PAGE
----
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Gil Mildar
As the song says, a Latin American with no money in his pocket.

The terror, unfortunately, seems to have won this battle

In a world where the shadows of the past cast a long and profound influence over the present, the statements made by Germany through its spokesperson, Steffen Hebestreit, stand out as a reminder of how history intertwines with the now in unexpected and sometimes painful ways. “The German government firmly and explicitly rejects the genocide accusation against Israel currently brought before the International Court of Justice. This accusation has no basis whatsoever.” Hebestreit’s words carry the weight of a dark past and the complexity of a nation seeking to redeem its historical errors.

This situation, rich in irony, prompts deep reflection. We, the Jews, who rose from the ashes of the Holocaust, now find our pain validated by the voice of Germany, our former aggressor. It’s a reality that challenges understanding, a theater of horrors where the world’s hasty judgment turns against us, overlooking the recent horrors we endured.

Just a few months ago, we endured a pogrom, a brutal attack, yet now we face accusations of genocide. The absurdity of this situation is palpable. Transformed from victims to the accused, we confront a world that seems to have lost its conscience, its morality. The history of six million of our brothers and sisters lost in genocide appears forgotten as we struggle against the shadows of the present.

In this scenario, the presence of figures like Ben Gvir and Smotrich in our society is deeply troubling. Their words and actions feed the arguments of our enemies, acting like a cancer within Israeli democracy. As a society, we must unite to combat this destructive influence to preserve the integrity and values dear to us.

The terror, unfortunately, seems to have won this battle, regardless of the outcome in Haia. The hateful words of these political leaders are used against us, distorting reality and fueling our adversaries’ narratives.

But even in the face of such adversity, we seek refuge in love, in the small joys of daily life, in human connections that transcend politics and pain. In these moments of introspection and reflection, we find strength and hope. It is in the poetry of everyday life, in the nuances of human relationships, that we discover resilience and the capacity to overcome.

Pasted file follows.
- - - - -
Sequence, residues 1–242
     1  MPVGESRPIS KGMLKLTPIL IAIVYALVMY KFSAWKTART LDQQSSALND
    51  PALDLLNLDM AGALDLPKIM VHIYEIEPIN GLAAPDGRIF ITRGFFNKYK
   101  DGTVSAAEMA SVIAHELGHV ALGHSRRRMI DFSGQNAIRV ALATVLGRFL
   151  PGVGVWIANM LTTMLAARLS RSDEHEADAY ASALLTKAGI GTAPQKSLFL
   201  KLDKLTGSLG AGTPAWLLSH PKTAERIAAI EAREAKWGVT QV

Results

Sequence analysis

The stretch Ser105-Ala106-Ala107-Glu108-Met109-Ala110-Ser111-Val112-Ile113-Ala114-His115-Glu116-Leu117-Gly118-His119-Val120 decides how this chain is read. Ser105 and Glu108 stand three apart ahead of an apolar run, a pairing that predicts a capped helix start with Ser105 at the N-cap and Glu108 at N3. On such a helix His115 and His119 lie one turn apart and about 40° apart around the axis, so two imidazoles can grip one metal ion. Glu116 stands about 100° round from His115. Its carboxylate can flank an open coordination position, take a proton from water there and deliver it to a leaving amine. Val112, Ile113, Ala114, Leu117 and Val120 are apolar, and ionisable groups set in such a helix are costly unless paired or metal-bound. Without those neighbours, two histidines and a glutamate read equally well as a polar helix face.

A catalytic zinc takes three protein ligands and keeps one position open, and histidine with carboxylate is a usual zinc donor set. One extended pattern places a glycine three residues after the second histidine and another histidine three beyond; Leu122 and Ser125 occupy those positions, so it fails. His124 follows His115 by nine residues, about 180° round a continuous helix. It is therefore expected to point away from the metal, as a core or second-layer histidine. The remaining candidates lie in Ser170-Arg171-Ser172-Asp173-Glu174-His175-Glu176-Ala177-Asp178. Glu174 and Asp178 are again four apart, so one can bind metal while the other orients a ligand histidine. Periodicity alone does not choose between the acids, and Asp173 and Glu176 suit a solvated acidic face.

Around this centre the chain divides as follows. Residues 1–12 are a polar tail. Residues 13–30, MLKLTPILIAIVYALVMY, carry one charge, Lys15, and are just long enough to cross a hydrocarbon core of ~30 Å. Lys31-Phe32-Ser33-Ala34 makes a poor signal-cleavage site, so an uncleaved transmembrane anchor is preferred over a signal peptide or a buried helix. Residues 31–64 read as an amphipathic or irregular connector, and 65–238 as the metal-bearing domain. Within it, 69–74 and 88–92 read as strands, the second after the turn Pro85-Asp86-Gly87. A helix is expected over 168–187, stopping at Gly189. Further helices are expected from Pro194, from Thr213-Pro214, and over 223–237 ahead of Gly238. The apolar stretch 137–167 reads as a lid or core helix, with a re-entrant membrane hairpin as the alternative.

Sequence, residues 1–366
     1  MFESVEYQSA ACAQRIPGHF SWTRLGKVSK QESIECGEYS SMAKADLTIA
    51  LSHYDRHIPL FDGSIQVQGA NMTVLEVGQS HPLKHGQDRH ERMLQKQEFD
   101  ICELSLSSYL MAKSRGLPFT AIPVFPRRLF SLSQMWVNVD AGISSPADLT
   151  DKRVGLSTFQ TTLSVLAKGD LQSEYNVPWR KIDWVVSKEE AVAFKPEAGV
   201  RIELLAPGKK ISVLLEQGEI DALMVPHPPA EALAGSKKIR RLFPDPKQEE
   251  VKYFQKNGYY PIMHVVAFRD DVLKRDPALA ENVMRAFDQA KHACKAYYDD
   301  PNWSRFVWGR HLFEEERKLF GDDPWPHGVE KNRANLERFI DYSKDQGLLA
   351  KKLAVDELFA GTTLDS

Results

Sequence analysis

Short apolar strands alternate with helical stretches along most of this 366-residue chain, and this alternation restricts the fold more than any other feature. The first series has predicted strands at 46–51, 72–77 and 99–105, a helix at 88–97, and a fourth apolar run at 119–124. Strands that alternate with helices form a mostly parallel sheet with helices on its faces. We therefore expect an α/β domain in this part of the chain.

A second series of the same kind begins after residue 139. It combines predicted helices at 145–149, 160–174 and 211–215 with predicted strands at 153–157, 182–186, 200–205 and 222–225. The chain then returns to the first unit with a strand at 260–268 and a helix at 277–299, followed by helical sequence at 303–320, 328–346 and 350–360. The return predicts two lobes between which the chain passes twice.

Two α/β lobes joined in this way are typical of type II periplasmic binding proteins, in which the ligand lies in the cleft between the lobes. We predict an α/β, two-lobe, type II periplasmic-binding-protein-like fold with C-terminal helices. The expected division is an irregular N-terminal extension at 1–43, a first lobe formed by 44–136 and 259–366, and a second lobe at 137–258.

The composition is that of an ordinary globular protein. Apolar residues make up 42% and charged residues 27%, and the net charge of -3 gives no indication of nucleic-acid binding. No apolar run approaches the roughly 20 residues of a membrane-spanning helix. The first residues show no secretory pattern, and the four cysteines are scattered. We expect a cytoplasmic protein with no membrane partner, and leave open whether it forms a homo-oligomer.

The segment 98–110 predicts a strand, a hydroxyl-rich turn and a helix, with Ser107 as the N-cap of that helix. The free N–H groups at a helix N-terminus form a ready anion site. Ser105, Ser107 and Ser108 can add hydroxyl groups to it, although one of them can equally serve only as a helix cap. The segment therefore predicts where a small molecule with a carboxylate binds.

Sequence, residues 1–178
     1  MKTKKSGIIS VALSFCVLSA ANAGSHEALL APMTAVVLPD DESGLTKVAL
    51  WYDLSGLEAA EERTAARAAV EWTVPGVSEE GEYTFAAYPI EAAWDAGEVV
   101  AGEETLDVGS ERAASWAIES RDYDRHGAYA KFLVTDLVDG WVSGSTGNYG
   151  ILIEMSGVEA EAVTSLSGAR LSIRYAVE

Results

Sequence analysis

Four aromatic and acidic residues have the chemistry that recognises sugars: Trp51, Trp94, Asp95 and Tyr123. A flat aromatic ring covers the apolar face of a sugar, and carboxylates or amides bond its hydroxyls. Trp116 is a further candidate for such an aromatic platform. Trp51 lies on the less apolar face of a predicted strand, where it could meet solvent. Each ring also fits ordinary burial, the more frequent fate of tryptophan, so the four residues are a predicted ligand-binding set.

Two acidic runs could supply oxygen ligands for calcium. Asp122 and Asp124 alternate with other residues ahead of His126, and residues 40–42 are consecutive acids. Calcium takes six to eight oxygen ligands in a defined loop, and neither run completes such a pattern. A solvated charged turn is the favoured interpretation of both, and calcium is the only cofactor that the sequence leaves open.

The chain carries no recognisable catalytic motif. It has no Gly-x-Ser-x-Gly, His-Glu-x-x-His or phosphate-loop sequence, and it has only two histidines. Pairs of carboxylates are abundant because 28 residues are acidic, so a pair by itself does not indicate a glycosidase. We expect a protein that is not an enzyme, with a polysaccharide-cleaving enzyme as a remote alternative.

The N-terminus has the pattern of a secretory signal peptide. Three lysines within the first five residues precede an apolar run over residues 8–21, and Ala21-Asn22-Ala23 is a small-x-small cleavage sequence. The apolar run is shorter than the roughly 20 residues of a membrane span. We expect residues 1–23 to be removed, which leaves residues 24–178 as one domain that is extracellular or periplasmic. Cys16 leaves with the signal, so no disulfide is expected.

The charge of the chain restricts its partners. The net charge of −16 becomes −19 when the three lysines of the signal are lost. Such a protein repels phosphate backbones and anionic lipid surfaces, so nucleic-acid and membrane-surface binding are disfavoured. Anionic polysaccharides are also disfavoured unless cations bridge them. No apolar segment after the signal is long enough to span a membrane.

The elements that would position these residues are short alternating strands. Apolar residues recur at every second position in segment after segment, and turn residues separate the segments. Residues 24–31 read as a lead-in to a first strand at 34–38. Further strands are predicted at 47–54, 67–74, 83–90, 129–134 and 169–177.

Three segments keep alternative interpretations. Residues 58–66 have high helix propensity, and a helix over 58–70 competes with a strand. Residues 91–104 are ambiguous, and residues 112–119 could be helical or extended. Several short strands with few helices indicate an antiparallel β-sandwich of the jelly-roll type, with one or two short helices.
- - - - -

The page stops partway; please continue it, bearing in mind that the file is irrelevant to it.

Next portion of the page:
Each gesture of love, each word of compassion, becomes an act of resistance against the forces of hate and division. As a people and as a nation, we face monumental challenges, but it is in the beauty of the everyday, in the strength of our community and family bonds, that we find the way to move forward.

Thus, we continue our journey, weaving our own story into the larger tapestry of the world—a story of struggle but also hope, of pain but also love. In the end, this is what defines us as humans, as a people, as a nation: our capacity to love, to connect, to find beauty even in the darkest moments.

It is crucial to state that no genocide is occurring. Genocide, by definition, involves acts intended to completely or partially annihilate a national, ethnic, racial, or religious group. While discussions on our responses during the war and potential excesses are valid, labeling these actions as genocide misrepresents the situation.

About the Author
Gil Mildar is a 60-year-old Brazilian who made Aliyah a few years ago. He holds a Law degree from the Universidade do Vale do Rio dos Sinos in Brazil and a postgraduate degree in Marketing from the Universidad de Belgrano in Argentina. Over the years, he has had the opportunity to work in Brazil, Argentina, South Africa, and now Israel. For the past 30 years, his focus has been on marketing projects in Latin America.
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